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Tip: Understanding Rank

PEP-Web Tip of the Day

When you do a search, you can sort the results bibliographically alphabetical or by “rank”. What is Rank?

Rank refers to the search engine’s “best guess” as to the relevance of the result to the search you specified. The exact method of ranking used varies a bit depending on the search. In its most basic level, when you specify a single search term, rank looks at the density of the matches for the word in the document, and how close to the beginning of the document they appear as a measure of importance to the paper’s topic. The documents with the most matches and where the term is deemed to have the most importance, have the highest “relevance” and are ranked first (presented first).

When you specify more than one term to appear anywhere in the article, the method is similar, but the search engine looks at how many of those terms appear, and how close together they appear, how close to the beginning of the document, and can even take into account the relative rarity of the search terms and their density in the retrieved file, where infrequent terms count more heavily than common terms.

To see a simple example of this, search for the words (not the phrase, so no quotes):

unconscious communications

Look at the density of matches in each document on the first page of the hits. Then go to the last page of matched documents, and observe the density of matches within the documents.

A more complex search illustrates this nicely with a single page and only 15 matches:

counter*tr* w/25 “liv* out” w/25 enact*

There are a lot of word forms and variants of the words (due to the * wildcards) above that can match, but the proximity (w/25) clause limits the potential for matching. What’s interesting here though is how easily you can see the match density decrease as you view down the short list.

The end result of selecting order by rank is that the search engine’s best “guess” as to which articles are more relevant appear higher on the list than less relevant articles.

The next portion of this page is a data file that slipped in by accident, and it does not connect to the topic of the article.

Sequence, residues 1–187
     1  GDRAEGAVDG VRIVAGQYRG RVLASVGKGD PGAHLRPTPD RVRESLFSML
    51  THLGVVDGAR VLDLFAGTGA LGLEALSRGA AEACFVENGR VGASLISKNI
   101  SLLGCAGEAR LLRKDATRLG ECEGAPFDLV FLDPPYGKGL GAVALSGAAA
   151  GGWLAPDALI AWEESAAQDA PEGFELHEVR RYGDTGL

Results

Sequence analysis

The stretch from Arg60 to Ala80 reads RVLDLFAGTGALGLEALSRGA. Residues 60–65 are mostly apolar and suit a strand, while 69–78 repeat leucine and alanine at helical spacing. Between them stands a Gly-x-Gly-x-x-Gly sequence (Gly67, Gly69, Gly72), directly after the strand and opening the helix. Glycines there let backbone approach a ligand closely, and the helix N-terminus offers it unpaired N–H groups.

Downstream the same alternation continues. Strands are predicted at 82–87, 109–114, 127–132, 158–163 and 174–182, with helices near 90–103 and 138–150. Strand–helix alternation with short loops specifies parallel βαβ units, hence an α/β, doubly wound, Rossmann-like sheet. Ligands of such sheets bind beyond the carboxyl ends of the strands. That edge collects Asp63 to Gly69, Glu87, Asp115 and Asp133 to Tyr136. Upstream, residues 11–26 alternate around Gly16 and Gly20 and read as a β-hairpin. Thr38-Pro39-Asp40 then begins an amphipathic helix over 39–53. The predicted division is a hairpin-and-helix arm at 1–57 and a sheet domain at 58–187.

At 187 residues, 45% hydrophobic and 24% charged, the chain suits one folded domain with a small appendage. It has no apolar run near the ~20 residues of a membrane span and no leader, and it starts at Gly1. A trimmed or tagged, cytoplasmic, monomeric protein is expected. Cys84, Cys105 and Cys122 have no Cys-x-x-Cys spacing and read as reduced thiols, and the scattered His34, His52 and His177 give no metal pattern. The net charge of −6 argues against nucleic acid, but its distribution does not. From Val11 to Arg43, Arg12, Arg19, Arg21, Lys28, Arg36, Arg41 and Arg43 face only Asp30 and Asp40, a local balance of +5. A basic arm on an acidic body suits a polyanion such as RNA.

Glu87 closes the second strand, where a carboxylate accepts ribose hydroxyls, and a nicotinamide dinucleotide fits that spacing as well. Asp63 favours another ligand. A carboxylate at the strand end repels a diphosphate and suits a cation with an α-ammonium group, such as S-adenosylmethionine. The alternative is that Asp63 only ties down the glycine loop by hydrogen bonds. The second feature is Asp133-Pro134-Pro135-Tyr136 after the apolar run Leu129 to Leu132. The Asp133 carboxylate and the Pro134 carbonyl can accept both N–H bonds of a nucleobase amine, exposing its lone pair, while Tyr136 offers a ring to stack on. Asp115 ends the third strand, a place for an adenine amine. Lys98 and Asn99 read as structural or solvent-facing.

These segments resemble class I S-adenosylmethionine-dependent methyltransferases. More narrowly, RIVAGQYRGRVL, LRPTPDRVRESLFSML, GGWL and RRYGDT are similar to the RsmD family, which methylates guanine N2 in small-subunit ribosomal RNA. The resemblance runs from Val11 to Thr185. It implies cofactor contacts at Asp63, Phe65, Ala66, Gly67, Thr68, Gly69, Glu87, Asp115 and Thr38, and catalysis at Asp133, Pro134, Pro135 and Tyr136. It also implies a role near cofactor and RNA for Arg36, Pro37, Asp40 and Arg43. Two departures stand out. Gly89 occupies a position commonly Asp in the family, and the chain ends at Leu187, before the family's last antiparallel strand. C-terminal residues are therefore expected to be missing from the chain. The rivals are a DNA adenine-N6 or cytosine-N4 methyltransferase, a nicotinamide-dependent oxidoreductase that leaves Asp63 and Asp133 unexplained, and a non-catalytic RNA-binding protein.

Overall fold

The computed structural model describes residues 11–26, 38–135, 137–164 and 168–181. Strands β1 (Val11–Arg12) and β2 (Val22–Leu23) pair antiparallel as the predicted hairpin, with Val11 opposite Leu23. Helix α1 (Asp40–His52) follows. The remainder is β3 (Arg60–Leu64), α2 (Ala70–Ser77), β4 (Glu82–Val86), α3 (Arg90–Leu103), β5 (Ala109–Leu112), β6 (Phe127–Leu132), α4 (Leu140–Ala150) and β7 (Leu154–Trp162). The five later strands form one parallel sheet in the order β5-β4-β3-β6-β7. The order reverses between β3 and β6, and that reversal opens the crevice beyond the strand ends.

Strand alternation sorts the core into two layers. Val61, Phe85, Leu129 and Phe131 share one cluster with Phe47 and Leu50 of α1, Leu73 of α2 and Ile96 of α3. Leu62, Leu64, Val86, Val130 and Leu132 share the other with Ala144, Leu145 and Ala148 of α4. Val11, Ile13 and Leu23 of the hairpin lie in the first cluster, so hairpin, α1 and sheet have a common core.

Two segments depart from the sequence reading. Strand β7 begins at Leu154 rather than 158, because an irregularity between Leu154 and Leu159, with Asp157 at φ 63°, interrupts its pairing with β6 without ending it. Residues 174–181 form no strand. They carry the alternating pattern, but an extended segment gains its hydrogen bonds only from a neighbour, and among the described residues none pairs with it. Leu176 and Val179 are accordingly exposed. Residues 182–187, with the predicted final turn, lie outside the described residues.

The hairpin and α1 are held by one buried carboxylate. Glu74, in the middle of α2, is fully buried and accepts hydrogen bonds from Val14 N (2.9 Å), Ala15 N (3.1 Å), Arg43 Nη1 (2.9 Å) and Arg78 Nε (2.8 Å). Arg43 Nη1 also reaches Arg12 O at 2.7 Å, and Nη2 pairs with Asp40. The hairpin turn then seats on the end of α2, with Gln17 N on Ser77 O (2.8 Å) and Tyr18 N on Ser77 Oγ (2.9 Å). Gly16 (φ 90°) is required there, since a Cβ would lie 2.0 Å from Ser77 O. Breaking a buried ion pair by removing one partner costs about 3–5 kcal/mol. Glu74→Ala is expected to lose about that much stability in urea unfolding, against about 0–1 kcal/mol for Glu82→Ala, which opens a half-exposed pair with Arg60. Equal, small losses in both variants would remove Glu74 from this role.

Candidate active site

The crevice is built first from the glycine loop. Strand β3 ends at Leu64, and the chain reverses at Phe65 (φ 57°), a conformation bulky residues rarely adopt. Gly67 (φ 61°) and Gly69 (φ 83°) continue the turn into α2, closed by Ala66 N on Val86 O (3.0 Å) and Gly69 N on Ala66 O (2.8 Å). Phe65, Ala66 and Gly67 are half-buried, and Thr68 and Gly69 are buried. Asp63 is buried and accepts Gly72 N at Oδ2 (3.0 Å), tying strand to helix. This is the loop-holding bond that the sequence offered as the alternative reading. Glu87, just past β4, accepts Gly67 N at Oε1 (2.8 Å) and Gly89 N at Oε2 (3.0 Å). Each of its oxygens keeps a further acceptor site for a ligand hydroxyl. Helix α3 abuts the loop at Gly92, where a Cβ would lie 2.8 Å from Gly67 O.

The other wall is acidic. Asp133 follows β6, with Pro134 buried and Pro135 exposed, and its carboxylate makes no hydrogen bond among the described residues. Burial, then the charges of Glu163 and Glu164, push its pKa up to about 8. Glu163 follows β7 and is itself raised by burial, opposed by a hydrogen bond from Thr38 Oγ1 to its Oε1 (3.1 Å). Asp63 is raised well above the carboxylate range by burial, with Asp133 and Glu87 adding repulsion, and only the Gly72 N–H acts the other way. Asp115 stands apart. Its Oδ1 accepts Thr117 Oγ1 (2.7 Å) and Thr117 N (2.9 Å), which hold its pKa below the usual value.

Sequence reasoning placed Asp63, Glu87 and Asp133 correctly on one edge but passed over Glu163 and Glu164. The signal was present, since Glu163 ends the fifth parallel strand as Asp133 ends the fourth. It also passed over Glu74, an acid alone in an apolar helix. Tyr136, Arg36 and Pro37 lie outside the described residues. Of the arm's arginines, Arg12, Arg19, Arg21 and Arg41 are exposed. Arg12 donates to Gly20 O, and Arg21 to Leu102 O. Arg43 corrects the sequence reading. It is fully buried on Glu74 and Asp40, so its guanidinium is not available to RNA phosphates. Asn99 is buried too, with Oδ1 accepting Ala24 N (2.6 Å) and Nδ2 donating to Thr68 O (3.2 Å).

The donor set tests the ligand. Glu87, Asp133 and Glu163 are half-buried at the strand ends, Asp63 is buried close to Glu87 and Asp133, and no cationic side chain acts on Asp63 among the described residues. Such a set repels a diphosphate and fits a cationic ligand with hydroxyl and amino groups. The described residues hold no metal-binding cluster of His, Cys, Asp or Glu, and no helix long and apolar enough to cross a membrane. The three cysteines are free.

For the complete list of tips, see PEP-Web Tips on the PEP-Web support page.

 
List of Articles


Volume 10 (1994)

Acknowledgment  v
 
Introduction  xi
Mark J. Gehrie, Ph.D.
I The Selfobject Reconsidered
Chapter 1 The Selfobject Concept: Clinical Implications  1
Michael Franz Basch, M.D.
Chapter 2 Reformulations of the Concept of Selfobject: A Misalliance of Self Psychology with Object Relations Theory  9
Crayton E. Rowe, Jr., M.S.W.
Chapter 3 The Selfobject Relationship in Psychoanalytic Treatment  21
Howard A. Bacal, M.D.
Chapter 4 Selfobjects Throughout the Life Span: Research with Nonclinical Subjects  31
Helen D. Gilbert, Ph.D.
II Clinical Papers from Homosexuality to Conjoint Therapy
Chapter 5 Homosexuality and the Struggle for Coherence  55
R. Dennis Shelby, Ph.D.
Chapter 6 Teaching, Learning, and Supervision  79
Paula B. Fuqua, M.D.
Chapter 7 Dr. Kohut and Mr. Z: Is This a Case of Alter Ego Countertransference?  99
Doris Brothers, Ph.D.
Chapter 8 The Legacy of Hypnosis: Freud and Subjectivity  115
Mary Newsome, M.D.
Chapter 9 Trauma, Memory, and Psychic Continuity  131
Anna Ornstein, M.D.
Chapter 10 Conjoint Therapy: An Intersubjective Approach  147
Jeffrey L. Trop, M.D.
Chapter 11 An Intersubjective Approach to Conjoint Therapy  159
Philip A. Ringstrom, Ph.D.
Chapter 12 The Development of a Self-Psychological Theory of Dreams: Historical and Clinical Considerations  183
Stewart Gabel, M.D.
III A Dialogue on Self Psychology
Chapter 13 Heinz Kohut's Self Psychology  197
Merton M. Gill, M.D.
Chapter 14 Comments on Merton Gill's “Heinz Kohut's Self Psychology”  213
Robert J. Leider, M.D.
Chapter 15 Kohut, Gill, and the New Psychoanalytic Paradigm  221
Robert D. Stolorow, Ph.D.
Chapter 16 Response to Discussion of Self Psychology Paper  227
Merton M. Gill, M.D.
IV A Discussion of the “Contexts of Being”
Chapter 17 The Myth of the Isolated Mind  233
Robert D. Stolorow, Ph.D. and George E. Atwood, Ph.D.
Chapter 18 Discussion of Stolorow and Atwood's “The Myth of the Isolated Mind”  251
Mark J. Gehrie, Ph.D.
Chapter 19 Discussion of “The Myth of the Isolated Mind”  257
Morton Shane, M.D. and Estelle Shane, Ph.D.
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